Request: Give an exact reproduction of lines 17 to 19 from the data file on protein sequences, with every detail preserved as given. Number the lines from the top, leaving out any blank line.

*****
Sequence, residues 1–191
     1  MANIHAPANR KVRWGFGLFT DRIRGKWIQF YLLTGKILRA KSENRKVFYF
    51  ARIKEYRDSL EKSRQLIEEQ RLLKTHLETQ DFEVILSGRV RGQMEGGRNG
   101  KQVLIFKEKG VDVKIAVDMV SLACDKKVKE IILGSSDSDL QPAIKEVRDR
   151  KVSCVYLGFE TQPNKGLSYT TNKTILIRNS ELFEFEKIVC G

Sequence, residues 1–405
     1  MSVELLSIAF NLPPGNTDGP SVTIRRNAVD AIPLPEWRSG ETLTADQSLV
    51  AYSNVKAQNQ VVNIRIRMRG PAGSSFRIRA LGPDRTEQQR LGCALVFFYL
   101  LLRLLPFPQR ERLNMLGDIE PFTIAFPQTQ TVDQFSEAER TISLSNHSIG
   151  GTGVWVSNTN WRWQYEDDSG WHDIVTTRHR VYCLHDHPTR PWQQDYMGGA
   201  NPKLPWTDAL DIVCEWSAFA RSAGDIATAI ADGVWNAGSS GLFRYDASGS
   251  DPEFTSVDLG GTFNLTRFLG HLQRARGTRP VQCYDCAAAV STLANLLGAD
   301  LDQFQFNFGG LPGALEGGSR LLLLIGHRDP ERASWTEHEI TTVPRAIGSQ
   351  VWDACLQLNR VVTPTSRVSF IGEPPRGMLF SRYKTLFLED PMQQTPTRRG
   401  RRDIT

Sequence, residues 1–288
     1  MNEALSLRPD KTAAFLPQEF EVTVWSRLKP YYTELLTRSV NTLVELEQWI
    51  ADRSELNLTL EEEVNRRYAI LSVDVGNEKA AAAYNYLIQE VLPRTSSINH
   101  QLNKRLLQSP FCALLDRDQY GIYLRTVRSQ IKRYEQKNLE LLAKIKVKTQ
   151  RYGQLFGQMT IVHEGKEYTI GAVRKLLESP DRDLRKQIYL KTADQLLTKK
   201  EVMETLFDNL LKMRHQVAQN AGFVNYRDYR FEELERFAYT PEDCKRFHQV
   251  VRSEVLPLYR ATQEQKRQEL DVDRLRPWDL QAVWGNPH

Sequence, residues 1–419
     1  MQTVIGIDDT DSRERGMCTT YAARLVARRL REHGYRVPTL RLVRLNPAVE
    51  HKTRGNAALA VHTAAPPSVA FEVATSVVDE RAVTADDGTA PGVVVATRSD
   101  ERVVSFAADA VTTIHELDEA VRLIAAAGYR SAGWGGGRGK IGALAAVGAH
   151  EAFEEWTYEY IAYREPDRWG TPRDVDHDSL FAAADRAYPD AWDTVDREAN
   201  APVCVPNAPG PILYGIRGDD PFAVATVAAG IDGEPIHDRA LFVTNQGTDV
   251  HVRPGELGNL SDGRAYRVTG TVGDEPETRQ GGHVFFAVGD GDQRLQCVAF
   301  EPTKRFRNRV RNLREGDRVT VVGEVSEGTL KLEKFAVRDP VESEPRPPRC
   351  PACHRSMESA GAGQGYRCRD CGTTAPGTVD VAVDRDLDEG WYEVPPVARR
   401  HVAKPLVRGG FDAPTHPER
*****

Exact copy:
     1  MNEALSLRPD KTAAFLPQEF EVTVWSRLKP YYTELLTRSV NTLVELEQWI
    51  ADRSELNLTL EEEVNRRYAI LSVDVGNEKA AAAYNYLIQE VLPRTSSINH
   101  QLNKRLLQSP FCALLDRDQY GIYLRTVRSQ IKRYEQKNLE LLAKIKVKTQ